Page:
Wind-sculpted desert in China

Near the fabled Silk Road in China's Gansu province, these behemoths tower over the barren desert in Dunhuang Yardang National Geopark.

The park is famous for these rock formations which resemble the ruins of some ancient city.

Known as yardangs, these curious rock formations were actually created by wind erosion.

They form in environments, such as deserts, where water is very scarce and the winds are strong and unidirectional.

The abrasive materials carried by the wind erode soft, poorly consolidated rock and bedrock surfaces into elongated ridges.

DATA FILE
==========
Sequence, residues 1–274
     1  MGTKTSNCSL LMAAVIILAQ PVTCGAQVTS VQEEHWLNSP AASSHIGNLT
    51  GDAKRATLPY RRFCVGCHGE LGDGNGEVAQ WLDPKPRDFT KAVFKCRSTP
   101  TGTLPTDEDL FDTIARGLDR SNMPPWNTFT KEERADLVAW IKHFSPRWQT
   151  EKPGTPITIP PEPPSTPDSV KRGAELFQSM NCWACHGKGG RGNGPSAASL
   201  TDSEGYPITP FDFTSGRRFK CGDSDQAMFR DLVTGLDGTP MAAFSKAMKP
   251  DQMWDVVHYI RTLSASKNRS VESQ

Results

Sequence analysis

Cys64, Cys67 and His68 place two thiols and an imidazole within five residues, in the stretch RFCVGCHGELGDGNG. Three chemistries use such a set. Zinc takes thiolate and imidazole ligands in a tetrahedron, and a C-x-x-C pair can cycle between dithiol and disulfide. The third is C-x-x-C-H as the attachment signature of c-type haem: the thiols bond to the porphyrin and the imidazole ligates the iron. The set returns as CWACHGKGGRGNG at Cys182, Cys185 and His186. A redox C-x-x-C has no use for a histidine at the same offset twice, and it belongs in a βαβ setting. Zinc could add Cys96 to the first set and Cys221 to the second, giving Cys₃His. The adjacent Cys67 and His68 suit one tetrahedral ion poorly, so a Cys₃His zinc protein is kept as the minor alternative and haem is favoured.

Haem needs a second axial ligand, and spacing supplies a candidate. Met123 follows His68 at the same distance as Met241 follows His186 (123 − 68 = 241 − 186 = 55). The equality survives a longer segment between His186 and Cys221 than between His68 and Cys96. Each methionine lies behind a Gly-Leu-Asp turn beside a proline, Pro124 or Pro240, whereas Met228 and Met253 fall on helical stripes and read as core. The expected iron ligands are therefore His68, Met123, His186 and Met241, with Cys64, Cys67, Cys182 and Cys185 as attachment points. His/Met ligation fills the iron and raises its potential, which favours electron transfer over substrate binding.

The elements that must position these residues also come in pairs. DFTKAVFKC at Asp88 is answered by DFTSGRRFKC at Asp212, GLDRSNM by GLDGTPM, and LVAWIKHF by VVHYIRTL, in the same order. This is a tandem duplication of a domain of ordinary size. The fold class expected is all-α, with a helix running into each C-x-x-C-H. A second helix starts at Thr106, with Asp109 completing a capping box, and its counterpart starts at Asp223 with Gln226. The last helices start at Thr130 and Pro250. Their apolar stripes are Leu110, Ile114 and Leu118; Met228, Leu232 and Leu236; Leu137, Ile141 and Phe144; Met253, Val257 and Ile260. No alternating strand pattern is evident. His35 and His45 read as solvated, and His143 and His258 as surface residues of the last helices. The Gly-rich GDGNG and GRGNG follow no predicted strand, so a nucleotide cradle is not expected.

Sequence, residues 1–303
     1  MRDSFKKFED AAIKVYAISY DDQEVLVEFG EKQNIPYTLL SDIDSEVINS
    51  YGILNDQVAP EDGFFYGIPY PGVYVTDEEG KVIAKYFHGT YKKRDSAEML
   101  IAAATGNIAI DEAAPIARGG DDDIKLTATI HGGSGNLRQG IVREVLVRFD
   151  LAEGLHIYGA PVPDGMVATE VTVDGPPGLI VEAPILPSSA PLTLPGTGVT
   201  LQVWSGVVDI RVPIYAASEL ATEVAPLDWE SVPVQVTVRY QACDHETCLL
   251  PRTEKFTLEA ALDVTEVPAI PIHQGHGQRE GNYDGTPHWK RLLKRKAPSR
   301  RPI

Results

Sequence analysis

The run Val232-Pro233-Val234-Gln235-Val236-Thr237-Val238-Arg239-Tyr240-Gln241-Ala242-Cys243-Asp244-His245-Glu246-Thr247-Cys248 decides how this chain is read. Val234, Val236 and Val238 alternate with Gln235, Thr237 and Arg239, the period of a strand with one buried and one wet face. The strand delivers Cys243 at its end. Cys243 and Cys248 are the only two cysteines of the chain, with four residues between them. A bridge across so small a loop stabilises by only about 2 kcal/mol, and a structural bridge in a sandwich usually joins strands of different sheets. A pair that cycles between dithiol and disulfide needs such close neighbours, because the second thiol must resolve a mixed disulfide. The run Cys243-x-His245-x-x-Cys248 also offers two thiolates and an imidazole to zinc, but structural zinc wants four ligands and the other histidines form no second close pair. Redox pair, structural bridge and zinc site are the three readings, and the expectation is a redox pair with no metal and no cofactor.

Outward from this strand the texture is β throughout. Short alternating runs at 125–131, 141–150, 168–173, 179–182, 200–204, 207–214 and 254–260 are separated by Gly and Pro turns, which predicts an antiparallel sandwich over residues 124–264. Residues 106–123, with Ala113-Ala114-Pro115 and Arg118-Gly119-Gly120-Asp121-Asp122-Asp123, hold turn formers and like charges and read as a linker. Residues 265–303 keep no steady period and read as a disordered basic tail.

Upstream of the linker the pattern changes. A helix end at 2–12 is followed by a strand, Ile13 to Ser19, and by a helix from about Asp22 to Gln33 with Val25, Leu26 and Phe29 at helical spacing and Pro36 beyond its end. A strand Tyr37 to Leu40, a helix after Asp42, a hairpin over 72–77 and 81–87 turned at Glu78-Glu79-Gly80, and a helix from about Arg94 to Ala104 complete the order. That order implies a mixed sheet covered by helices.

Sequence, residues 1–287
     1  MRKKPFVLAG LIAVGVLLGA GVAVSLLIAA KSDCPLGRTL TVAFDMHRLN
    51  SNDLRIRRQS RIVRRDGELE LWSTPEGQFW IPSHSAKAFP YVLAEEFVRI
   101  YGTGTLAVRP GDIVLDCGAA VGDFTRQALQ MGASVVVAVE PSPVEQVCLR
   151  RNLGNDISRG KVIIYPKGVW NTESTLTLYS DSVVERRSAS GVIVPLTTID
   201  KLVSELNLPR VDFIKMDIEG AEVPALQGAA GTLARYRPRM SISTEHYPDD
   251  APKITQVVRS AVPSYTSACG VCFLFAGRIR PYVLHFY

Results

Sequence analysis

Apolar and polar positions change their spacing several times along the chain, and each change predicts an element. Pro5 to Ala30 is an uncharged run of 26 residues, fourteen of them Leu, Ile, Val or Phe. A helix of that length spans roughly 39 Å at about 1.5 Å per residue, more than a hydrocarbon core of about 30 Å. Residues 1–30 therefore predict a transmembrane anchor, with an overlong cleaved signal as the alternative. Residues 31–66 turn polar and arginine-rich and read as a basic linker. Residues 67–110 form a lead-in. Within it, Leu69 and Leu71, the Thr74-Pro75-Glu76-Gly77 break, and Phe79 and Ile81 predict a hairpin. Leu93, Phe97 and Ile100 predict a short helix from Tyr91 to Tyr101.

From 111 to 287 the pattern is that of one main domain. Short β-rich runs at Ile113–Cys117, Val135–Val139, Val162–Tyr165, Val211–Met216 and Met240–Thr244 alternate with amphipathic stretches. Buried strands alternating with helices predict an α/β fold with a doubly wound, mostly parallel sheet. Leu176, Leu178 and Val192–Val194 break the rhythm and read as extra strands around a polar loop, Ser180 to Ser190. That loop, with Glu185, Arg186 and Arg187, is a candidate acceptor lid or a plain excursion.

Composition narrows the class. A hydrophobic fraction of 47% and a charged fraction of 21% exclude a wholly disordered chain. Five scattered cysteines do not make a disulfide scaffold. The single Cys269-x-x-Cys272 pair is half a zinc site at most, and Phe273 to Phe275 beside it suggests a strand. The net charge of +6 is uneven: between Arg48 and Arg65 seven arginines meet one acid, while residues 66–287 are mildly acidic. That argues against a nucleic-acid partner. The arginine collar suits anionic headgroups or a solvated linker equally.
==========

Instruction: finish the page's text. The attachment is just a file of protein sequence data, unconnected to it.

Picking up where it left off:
The soft material gets carried away while the hard surface below remains behind.

Due to this type of wind erosion, yardangs are typically longer than they are wide.

Yardangs can also be found in the Sahara and Mojave deserts.

They have also been photographed on the surface of Mars.

A version of this article appeared in the print edition of The Straits Times on May 10, 2019, with the headline 'Wind-sculpted desert in China'. Print Edition | Subscribe